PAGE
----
Tag Archives: Infectious Disease

Varicella Zoster – 10/18/17

Primary infection – chicken pox (lesion at varying stage on the trunk, face, and extremities)
Reactivation – shingles (painful, unilateral rash in a restricted dermatome)

Clinical manifestations – 1) Rash – most common location is thoracic and lumbar dermatomes
2) Acute neuritis – 75% of patients have pain/burning/throbbing prior to onset of rash

Complications in immunocompetent hosts – post-herpetic neuralgia (7.9%), ocular complications (1.6%),, meningitis (0.5%), oticus (0.2%)

Disseminated if > 3 contiguous dermatomes or 2 dermatomes on separate parts of the body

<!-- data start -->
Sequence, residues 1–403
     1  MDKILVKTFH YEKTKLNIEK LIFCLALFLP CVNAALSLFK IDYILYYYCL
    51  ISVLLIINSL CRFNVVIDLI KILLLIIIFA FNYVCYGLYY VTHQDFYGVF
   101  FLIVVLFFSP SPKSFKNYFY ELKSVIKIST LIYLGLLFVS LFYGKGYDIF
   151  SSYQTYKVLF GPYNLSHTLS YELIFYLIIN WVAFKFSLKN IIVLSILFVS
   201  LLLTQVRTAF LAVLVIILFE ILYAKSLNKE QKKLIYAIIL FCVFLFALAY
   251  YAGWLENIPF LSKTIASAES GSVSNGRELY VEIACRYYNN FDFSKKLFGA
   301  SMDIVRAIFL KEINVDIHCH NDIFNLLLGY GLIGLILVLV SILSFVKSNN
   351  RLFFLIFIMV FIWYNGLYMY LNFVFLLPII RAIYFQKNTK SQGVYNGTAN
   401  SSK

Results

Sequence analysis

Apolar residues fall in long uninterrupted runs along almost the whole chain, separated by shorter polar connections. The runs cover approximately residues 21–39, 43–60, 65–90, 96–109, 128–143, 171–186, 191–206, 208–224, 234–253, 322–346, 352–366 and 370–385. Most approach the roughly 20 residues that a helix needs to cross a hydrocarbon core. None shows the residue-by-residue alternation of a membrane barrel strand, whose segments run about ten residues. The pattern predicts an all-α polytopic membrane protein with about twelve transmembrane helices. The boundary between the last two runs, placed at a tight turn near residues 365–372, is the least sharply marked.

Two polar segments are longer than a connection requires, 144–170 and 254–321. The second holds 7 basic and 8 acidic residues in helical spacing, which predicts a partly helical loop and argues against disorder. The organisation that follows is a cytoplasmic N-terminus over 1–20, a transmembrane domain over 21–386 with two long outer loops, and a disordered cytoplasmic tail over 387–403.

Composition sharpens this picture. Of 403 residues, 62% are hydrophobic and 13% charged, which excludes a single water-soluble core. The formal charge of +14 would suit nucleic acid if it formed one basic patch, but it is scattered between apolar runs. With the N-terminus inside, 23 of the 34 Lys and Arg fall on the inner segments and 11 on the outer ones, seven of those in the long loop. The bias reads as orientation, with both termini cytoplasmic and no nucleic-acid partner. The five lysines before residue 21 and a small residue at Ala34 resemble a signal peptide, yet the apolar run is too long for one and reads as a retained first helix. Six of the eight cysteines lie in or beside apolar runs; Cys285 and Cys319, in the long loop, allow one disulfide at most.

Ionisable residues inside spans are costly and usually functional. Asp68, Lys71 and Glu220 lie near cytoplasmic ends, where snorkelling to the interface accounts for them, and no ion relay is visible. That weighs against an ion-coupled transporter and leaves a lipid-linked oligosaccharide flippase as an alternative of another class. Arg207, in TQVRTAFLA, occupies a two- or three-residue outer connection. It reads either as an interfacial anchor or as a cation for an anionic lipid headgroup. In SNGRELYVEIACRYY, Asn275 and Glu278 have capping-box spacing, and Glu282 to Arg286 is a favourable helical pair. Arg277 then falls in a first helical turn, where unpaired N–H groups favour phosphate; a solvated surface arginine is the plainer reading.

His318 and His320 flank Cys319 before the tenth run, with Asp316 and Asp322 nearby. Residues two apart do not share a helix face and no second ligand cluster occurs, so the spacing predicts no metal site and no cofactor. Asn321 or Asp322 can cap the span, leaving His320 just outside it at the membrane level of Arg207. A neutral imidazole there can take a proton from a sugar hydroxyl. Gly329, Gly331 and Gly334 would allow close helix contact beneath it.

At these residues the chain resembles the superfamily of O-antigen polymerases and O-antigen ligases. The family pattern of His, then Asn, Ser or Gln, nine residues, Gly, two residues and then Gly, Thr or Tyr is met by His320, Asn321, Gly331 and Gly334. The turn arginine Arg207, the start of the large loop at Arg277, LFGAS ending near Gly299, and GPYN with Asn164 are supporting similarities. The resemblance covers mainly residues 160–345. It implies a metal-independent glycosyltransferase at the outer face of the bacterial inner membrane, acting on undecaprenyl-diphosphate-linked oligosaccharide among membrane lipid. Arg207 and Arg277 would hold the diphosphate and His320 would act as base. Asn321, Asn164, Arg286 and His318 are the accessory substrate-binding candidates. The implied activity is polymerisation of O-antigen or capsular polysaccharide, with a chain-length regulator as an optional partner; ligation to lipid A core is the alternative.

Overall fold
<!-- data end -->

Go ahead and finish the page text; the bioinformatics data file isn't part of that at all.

Diagnosis for encephalitis/meningitis – elevated WBC with lymphocytic predominance, elevated protein, positive VZV PCR or IgM

Treatment: IV acyclovir

Vaccines: Age > 60 give live vaccine unless immunosuppressed
VZIG – give to exposed pregnant or immunosuppressed patients

Tuberculosis 07/18/2017

  • Definitions
    • Primary Tuberculosis
      • 1-5% of cases
      • Infection directly after inoculation by airborne particles
      • Symptoms
        • Fever (70%)
        • Pleuritic chest pain (25%)
      • 90% of immunocompetent patient enter latent state
        • 10% develop TB pneumonia or progress to distant sites
          • Usually those with poor immune responses (HIV, CKD, DM2, immunosuppressants)
    • Latent TB (LTBI)
      • Non-contageous, quiescent state
      • Only manifestation is positive PPD or Quantiferon (IGRA – interferon gamma release assay)